It’s quite dire for a migrant domestic worker when she becomes pregnant in Hong Kong. I mean, many of the pregnancies that we see are unplanned. So, there’s a level of fear and anxiety associated with the pregnancy anyway, about what family members will think, particularly if the child is born out of wedlock. But if you’re employed as a migrant domestic worker and you fall pregnant, you are entitled to the same legal protection as all working women in Hong Kong. Often, we find that people don’t know that the worker themselves or the employers. And so often these women either resign because they don’t know what else to do, or their employer asks them to terminate the contract and return home. And it becomes a dire situation, particularly if they’re scared of going home.

Alyson Hau  03:56

I think not knowing whether this is what’s supposed to happen or not, is what’s really what we want to bring out.

Adam Hugill  04:03

We were talking just before we started, that you’ve seen cases where helpers, domestic workers are asked to sign contracts before they start, promising that they won’t get pregnant, and then believe that this is a contractual document that’s somehow binding on them.

Catherine Gurtin  04:17

Yeah. And of course, you know, if I was being interviewed for a job, you know, you would be absolutely horrified if an employer asked you what your intentions were in terms of pregnancy. And you know, these women are entitled to have families, many of them have kind of made huge sacrifices to help us raise our families in Hong Kong. And they do have that right, but because of that fear, often they don’t report that they’re pregnant. They may go down the route of doing an abortion illegally not realizing that there are legal options or covering their pregnancy and then suddenly going into labour and the employee knows nothing about it. That’s kind of it’s the complete shock and surprise, at one of our more recent cases, Merce, she had worked for her employer for 20 years. With Charlie and Fannie, they have an amazing relationship. Actually, she’s been a second mother to their two children, including the youngest who has autism. But when she was pregnant with her, when she went home, was pregnant with her husband and then came back, she was so scared to tell them. And it wasn’t until she went into labour that they suddenly realize, because she was just fearful, even though they had a good relationship that she would be terminated.

Adam Hugill  05:35

Were in that case they ultimately supportive?

Catherine Gurtin  05:36

They were incredibly supportive. So, she had the child there. She’s just returned to Indonesia after a few years of the child being in Hong Kong, with the family. And they’re continuing to support her in her country with schooling. But actually, it’s very difficult for many employers to be able to do that. And that’s certainly not the expectation for an employer.

Alyson Hau  05:58


Catherine Gurtin  05:59

But you certainly have a duty of care and a responsibility to your employee when they become pregnant.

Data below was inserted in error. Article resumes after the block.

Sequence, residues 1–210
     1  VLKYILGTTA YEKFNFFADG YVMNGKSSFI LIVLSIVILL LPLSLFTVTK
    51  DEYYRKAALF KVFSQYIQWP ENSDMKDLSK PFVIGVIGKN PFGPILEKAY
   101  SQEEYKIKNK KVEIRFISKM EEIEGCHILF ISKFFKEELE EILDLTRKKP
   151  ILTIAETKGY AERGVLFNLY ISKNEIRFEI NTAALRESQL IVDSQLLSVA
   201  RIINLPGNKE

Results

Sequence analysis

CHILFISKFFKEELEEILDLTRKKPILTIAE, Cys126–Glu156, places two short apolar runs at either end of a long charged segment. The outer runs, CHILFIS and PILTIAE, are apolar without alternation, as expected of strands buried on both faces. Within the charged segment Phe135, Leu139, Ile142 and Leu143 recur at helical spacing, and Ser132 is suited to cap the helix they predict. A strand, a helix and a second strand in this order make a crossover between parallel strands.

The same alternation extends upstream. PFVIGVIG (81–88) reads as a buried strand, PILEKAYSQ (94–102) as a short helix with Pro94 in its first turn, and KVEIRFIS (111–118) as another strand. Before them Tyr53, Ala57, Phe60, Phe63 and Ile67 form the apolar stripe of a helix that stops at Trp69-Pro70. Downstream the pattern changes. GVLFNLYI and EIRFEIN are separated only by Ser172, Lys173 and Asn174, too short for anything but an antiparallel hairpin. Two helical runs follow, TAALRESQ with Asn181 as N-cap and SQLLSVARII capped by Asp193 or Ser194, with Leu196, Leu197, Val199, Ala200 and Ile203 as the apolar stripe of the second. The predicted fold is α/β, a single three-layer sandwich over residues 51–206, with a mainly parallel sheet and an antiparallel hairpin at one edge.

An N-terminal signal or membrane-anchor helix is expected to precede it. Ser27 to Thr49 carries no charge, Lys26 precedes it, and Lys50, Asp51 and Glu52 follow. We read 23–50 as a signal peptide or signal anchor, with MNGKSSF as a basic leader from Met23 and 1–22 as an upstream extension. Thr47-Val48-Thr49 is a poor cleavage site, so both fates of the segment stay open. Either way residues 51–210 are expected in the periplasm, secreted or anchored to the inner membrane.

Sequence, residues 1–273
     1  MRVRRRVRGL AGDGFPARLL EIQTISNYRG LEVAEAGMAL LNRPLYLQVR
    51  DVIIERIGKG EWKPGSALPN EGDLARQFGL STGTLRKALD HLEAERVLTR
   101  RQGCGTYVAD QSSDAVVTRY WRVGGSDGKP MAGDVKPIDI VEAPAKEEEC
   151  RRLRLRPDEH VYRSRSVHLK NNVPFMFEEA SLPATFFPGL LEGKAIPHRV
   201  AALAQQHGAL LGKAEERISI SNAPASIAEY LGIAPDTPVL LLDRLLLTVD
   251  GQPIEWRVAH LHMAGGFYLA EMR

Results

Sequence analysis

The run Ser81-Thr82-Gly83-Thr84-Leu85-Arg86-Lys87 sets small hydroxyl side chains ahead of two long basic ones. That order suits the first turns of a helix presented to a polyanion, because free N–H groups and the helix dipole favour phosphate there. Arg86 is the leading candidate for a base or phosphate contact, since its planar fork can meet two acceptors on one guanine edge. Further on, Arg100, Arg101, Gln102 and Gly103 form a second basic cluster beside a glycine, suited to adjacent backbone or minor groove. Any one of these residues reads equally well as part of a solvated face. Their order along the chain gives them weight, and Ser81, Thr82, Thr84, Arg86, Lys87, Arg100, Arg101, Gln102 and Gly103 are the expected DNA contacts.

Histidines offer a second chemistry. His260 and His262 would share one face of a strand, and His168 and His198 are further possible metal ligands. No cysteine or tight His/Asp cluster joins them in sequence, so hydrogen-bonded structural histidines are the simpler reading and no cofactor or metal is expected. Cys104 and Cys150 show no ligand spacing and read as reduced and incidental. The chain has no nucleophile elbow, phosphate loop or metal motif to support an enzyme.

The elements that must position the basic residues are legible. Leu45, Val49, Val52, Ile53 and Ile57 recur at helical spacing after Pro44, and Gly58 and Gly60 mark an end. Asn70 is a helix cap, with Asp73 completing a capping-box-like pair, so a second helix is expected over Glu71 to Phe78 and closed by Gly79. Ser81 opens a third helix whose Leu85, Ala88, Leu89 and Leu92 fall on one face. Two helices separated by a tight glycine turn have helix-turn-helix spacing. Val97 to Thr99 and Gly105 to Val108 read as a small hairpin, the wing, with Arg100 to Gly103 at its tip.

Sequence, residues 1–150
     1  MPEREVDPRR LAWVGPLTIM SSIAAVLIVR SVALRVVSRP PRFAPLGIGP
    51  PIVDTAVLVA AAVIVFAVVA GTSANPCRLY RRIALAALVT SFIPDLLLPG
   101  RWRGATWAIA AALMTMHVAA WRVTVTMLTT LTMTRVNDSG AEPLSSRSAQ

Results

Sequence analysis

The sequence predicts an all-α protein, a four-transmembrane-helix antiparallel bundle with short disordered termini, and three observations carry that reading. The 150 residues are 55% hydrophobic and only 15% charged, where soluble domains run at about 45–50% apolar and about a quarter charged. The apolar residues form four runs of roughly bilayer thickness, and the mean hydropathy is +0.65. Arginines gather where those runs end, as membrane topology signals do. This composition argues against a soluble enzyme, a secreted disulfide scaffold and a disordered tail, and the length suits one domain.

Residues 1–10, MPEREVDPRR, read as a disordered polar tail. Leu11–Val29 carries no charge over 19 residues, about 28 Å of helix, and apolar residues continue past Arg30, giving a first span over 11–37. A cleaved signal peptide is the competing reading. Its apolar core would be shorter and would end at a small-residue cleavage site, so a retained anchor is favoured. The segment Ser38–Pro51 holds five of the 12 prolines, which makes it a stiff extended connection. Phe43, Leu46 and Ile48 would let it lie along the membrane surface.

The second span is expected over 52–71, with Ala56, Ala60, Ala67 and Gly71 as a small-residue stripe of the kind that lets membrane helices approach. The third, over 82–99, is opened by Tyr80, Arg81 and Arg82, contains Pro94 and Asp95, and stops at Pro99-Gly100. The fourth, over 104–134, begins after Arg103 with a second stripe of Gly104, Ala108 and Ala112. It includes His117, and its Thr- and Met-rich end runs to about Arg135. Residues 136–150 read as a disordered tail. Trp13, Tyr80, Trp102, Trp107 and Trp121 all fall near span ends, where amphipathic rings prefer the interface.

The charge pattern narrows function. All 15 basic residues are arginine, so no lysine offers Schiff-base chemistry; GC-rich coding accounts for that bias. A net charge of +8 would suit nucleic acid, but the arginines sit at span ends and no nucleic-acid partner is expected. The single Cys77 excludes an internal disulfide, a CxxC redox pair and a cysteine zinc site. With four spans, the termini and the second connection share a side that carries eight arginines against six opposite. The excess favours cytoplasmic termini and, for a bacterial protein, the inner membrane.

Alyson Hau  06:06

Absolutely, yes.

Catherine Gurtin  06:07

If they, you know, when they become sick, you know, you know, we expect our employers to look after us – well, as an employer of a migrant domestic worker, you have the same duty of care to your employee.

Alisha Fernando  06:19

I actually think if I can jump in, that you have a higher duty of care as an employer of a migrant domestic worker, because it’s almost a one-to-one relationship. Whereas as an employer, you have a team, we have, we have resources, we have, you know, a large amount of people behind the mechanics of everything. So, I do think, personally, there is a higher expectation I would expect of employees of migrant domestic work,

Catherine Gurtin  06:53

I absolutely think you’re right: the challenge is that there’s a higher expectation, but then there’s less support or resources available for individual employers. And then we’ll go on to talk about some of the fantastic policies that are in place at an organization like Bloomberg. But as a working mom, myself, I’m heavily reliant on a migrant domestic worker, to help me with my seven- and eight-year-old so I can I can have a job. But what do I do if she becomes pregnant? You know, there’s a financial stress, I’d be paying 4/5th of her salary, the initial 10 weeks, and then the government does subsidize for four weeks. I’d need to pay for a temporary worker, but there isn’t really a temporary solution.

Alyson Hau  07:36

Particularly during COVID.

Catherine Gurtin  07:36

And so, you’d be hiring a local migrant domestic worker. So that’s HK$130 an hour, eight hours a day, five days a week for 14 weeks. So, the financial challenges for an individual employer are enormous. And then there’s this lack of clarity over the live-in role, you know, does the worker have to live with you while she’s on leave? Maternity leave, sick leave, annual leave… and that lack of clarity often sees employers saying to the worker, you have to be in my home, but they have no obligation to a child. And, you know, those early moments between the mother and child are so fundamental for nurturing care and to set that child up for success to survive and thrive. The system doesn’t work to help the employer do the right thing by the mother and fundamentally, to give that child a fair start.

Alyson Hau  07:55

You gently mentioned that at Bloomberg, for example, there are good policies out there that are supportive, that are helping mothers or maybe early mothers going into first time motherhood, to thrive at the workplace, not only to not having to worry about whether I’m going to still have a job or not. But tell me about what Bloomberg does.